Lanson ‘gold label’ 1996

89 points

I would have marked this higher but I feel that this bottle has aged slightly prematurely due probably to storage on warm retail shelves.  Though it still has racy acidity reflecting the Lanson non-malolactic house style.  It’s a very good wine, not too modern and concentrated, but plenty of flavour.  A very good bottle of vintage.

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Vagnoni Vernaccia Di San Gimignano 2005

89 points

Vernaccia Di San Gimignano, Toscana, Italy.  13.5%

A region (and grape by the same name) that I have not heard of.  So this is a very pleasant introduction.  Flavoursome with a nice seam of acidity – great finish.

The Oxford Companion to Wine (by Jancis Robinson) says that DOCG status was awarded in 1993 though there are records of wine in this appellation in 1276.  She describes the white wine “at its best, the wine has a crisp, refreshing quality and an attractivenly bitter finish”.  I think Jancis needs to lift her expectation for this region going by this particular bottle.

Great to see serious winemaking attention going to these unique local grape varieties.

Gilles Robin Crozes-Hermitage ‘cuvee Alberic Bouvet’ 2004

85+

Crozes-Hermitage, Rhone, France.

This just isn’t my cup of tea, it’s so young and fruity, with a touch of floral, dandelion character.  It’s a fairly dense, fairly dark wine, well made, in a good vintage.  Perhaps it is simply its age but it tastes to me more like a good Southern Rhone with a strong Grenache influence, though this wine should be 100% shiraz.

If it hangs around on retail shelves I’ll buy another in 1-2 years time.  But for now I can’t get excited about this very youthful, but not inexpensive wine.

Spanish wine tasting

All in all a pretty enjoyable bunch of wines. More successful than last year’s Italian tasting.

spaintasting.jpg
LZ 2006

Rioja. 84 points 14%

The first wine of the night was a young Tempranillo (young vines too). A nice modern interpretation, with clear, clean fruit. Simple, straighforward. Good to see this sort of thing on Australian shelves, perfectly appropriate introduction to Spain. Good cafe wine. Trendy, quite cool label.

Marqués de Riscal Rioja Reserva 2001

91 points 13.5%

Wine of the evening for most people. Marques de Riscal is a very reliable producer and 2001 was an excellent vintage. This was fairly oaky, in a classic Rioja style, with some deep flavours. Plenty of stuffing without high alcohol or extract. Should last a good while (drink over the next 10 years).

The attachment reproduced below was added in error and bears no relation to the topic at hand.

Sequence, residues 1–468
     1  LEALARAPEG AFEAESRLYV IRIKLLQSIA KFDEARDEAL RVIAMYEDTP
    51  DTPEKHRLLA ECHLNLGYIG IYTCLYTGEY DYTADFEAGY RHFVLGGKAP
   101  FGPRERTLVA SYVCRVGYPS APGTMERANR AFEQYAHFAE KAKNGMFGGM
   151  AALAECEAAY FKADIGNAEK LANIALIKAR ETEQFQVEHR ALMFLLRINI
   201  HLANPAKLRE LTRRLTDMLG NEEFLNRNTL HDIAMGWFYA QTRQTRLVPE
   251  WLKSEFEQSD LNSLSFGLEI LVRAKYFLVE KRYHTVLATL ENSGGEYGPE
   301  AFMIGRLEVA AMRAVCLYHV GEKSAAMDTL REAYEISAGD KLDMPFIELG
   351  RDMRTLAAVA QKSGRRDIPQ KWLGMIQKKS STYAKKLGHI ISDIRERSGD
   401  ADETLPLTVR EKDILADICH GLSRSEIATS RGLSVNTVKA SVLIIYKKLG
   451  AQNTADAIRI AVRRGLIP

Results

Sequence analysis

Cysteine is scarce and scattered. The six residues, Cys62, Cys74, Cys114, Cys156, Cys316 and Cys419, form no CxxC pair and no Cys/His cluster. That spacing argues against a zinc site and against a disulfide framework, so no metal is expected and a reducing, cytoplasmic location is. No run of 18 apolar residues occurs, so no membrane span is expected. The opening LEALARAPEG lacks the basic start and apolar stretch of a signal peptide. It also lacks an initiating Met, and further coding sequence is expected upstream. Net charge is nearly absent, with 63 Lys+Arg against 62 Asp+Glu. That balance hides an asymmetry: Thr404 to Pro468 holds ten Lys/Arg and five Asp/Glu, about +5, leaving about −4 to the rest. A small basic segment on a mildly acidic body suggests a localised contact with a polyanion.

Dominio de Tares ‘Baltos’ 2004

81 points 13%

A chance to try the local Mencia grape from the ‘hot’ new area Bierzo. Nice colour, interesting aromas, but pretty disappointing to drink. Commercial style without much concentration, no depth, just a bit of plain sweetish fruit. Glasses were poured out, and the bottle was never finished.

d”Arenberg ‘The Sticks and Stones’ 2002

86 points 14.5%

McLaren vale

A Tempranillo, Grenache, Souzau blend. Very noticeably Australian with greater body, alcohol and sweetness. Surprisingy undeveloped for its 6 years. There are some interesting flavours, but I find this too ‘in your face’, it’s not food friendly, it’s for impressing on the first taste/glass, after that drinking it gets a bit exhausting. That said, it’s a well made wine, a would make a nice change from shiraz – it deserves its position on retail shelves – though I’m not so sure about whether it deserved to be awarded so many wine show medals.

The Souzau is a Spanish and Portugeuse grape that was added for colour stability, acid, and resistance to oxidation. I wonder if this is part of the wine’s slow aging.

see previous review

Condado de Haza 2002

88 points 13.5%

A great effort in a difficult year. From one of the masters of Riberia del Duero (Alejandro Fernandez) this 100% Tempranillo is attractive and juicy with some smoky aromas and savoury flavours. It’s a much more open knit style than in previous, riper vintages. This is a well judged style for the vintage. Food friendly, not heavy, not too intellectually demanding.

Finca la Planeta ‘Pasanau’ 2001 and Orlando ‘St Hugo’ Cabernet 2000

88 points 14% and 13%

A Cabernet from Priorat paired with what I thought might be similar, a Coonawarra Cabernet. Of course these wines tasted different, but I was pleased how comparable they were. Both seemed out of place in this tasting though, in that they were so obviously (pungent even) Cabernet, with real cassis berry flavours. More masculine, structured wines. The St Hugo has more extraneous minty aromas and flavours (eucaplypt ?). It would be more intellectually interesting to see these wines in a Cabernet tasting.

Valminor Albarino 2006

84 points

This white wine from Rias Baixas is a pleasant aromatic white. Nicely made, though not as aromatic as some Albarino.

I can’t see this grape variety stealing much share (from much more racy) Sauvignon Blanc which seems to have become the great alternative (or competitor) to Chardonnay. It has nothing like the depth of flavour of Riesling nor (Loire) Chenin Blanc.
But it is an attractive grape variety, one that Spain should be pleased with having.

Seppelt Sparkling Shiraz 1999

90 points

Shows the benefit of aging this commercial volume wine.  Actually I’m struggling to think of a vintage that didn’t turn out fine after 5+ years, ummm, well this 1999 just adds to the pack.

It doesn’t have a lot of fizz, but has good flavour in a rich, tending towards savoury style.  Unlike many sparkling reds from Oz (one of the great wines of Oz) this doesn’t drink that well by itself, it needs food.

A reminder – buy some of the current vintage and keep it for 3-5 years.   It’s not expensive and you’ll love the result a Summer/Winter Solstice.